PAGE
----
The scope of the law's application is unclear. The statute states that in "those cases in which a call for bids is required for the contracting of a construction work with public funds," the building specifications must contain a provision mandating the use of Puerto Rican construction materials. Id. § 927a. This section does not expressly limit the law's scope to situations in which the Commonwealth, or an agency of the Commonwealth, is the contracting entity. By contrast, section 927b provides that the law applies to projects not requiring competitive bidding when "the Commonwealth contracts a construction work." Id. § 927b. The law also applies to situations in which the Commonwealth undertakes construction to its own behoof. Id. § 927c. The Puerto Rico Supreme Court has never spoken to the scope of Law 109, nor has it interpreted the relationship among its various sections.


In all events, the requirements of Law 109 are rendered inapplicable in two sets of circumstances. First, the law does not hold with respect to any particular construction material when the cost associated with the use of local, as opposed to off-island, material would exceed a certain percentage set by the Puerto Rico Board of Preference for Government Purchases (Preference Board). See id. § 927e(a); see also id. §§ 914a-914k. Second, the law does not apply if indigenous construction materials are not available in sufficient quantity or quality. Id. § 927e(b).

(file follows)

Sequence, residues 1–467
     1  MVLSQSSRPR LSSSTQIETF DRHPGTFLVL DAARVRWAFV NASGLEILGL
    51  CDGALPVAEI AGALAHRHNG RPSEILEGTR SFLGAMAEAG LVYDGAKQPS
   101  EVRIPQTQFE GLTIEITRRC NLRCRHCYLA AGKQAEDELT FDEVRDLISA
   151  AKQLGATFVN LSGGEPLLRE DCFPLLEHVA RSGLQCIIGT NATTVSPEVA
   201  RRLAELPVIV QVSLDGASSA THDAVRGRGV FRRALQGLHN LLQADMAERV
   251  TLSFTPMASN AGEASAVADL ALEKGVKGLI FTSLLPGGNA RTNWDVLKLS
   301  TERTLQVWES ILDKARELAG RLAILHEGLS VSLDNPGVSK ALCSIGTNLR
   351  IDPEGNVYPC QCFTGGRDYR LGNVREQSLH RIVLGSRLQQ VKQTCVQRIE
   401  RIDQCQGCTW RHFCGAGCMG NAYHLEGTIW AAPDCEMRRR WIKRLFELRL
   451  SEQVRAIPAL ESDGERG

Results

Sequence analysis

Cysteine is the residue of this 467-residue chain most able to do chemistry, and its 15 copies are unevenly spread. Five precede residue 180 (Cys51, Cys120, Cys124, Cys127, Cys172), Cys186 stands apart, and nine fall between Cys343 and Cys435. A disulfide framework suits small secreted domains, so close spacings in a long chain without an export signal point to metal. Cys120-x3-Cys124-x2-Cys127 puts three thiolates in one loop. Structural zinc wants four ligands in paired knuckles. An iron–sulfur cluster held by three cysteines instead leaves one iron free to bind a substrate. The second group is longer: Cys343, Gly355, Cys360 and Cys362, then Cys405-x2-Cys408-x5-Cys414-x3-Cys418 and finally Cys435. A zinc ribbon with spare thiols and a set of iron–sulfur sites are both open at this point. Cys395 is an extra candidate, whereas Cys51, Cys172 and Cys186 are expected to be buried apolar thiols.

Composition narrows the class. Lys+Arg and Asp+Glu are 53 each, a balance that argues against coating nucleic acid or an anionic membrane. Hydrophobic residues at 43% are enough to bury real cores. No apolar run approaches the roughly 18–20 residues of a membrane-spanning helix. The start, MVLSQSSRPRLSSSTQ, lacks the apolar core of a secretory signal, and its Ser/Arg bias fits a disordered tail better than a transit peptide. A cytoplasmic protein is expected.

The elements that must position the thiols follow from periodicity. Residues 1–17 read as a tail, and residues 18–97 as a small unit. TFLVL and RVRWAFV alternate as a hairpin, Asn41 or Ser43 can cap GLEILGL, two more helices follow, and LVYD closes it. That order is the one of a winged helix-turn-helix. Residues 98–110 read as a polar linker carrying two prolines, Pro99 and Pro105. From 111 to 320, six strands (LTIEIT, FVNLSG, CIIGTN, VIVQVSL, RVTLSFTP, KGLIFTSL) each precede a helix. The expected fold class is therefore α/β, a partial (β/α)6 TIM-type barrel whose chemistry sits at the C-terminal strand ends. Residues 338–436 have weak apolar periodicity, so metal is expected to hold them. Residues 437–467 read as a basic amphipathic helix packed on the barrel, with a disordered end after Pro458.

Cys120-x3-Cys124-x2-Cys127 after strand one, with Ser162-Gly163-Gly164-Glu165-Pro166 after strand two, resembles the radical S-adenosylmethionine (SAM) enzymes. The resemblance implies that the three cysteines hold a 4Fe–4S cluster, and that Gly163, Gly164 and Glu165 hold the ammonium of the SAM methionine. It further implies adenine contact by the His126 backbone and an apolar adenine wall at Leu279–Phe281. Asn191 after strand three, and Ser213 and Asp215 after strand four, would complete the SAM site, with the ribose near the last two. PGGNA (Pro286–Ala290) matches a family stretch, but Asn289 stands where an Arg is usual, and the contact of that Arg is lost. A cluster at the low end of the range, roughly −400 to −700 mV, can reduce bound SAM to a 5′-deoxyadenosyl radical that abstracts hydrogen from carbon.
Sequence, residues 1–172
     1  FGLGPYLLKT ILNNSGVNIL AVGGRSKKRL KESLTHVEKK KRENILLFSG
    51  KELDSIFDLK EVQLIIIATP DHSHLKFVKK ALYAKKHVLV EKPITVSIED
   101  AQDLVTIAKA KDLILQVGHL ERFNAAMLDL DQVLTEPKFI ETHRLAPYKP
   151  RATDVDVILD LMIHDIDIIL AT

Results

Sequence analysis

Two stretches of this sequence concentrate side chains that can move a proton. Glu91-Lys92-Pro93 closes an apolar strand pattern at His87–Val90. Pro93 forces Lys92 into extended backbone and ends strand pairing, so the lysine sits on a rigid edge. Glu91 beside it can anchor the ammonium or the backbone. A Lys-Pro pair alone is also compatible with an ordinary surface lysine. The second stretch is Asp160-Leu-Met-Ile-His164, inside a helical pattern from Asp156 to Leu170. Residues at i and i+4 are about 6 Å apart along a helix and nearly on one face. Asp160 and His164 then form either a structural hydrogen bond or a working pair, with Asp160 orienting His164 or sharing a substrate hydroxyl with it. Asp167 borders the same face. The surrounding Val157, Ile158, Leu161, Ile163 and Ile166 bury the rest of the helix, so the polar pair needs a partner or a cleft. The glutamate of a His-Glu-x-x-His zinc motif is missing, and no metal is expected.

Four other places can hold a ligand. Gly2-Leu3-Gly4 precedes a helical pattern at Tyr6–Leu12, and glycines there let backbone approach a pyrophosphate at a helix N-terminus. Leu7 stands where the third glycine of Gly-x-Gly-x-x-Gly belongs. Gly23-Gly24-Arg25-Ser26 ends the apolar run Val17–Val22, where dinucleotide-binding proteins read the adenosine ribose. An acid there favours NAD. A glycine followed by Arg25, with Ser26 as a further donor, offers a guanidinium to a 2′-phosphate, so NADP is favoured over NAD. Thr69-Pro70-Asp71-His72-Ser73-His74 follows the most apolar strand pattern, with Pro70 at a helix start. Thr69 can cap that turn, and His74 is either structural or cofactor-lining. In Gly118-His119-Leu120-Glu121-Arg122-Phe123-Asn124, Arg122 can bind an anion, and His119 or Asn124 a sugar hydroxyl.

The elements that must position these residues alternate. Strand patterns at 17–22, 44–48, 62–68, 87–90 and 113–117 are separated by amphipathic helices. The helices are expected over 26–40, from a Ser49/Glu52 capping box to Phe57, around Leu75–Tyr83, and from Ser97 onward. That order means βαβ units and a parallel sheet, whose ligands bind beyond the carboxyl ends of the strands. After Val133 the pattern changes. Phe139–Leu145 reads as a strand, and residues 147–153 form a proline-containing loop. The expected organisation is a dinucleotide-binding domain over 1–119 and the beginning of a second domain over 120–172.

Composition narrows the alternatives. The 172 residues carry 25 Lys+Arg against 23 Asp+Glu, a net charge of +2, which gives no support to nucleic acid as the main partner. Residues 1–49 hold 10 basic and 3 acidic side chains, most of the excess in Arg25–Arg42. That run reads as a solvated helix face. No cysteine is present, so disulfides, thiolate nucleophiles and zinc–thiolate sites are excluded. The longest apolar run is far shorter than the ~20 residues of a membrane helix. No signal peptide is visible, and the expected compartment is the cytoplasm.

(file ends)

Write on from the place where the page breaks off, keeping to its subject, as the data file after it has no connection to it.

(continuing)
While the statute covers a myriad of construction materials, only one — cement — is specifically defined. See id. § 927(d). "Cement manufactured in Puerto Rico" is described as that cement created from Puerto Rican raw materials, save only for components not available in industrial quantities from Puerto Rican sources. Id. The term "cement" as used in the statute encompasses "cement blocks, pre-mixed concrete, concrete mixed at the site and mixture for plastering." Id.


The statute not only confers the standard statutory exemptions upon cement but also allows the use of off-island cement for up to six months "in a case of force majeure or for causes or reasons beyond the control of the local factory." Id. This six-month window may be extended for up to six additional months if the Preference Board approves. Id.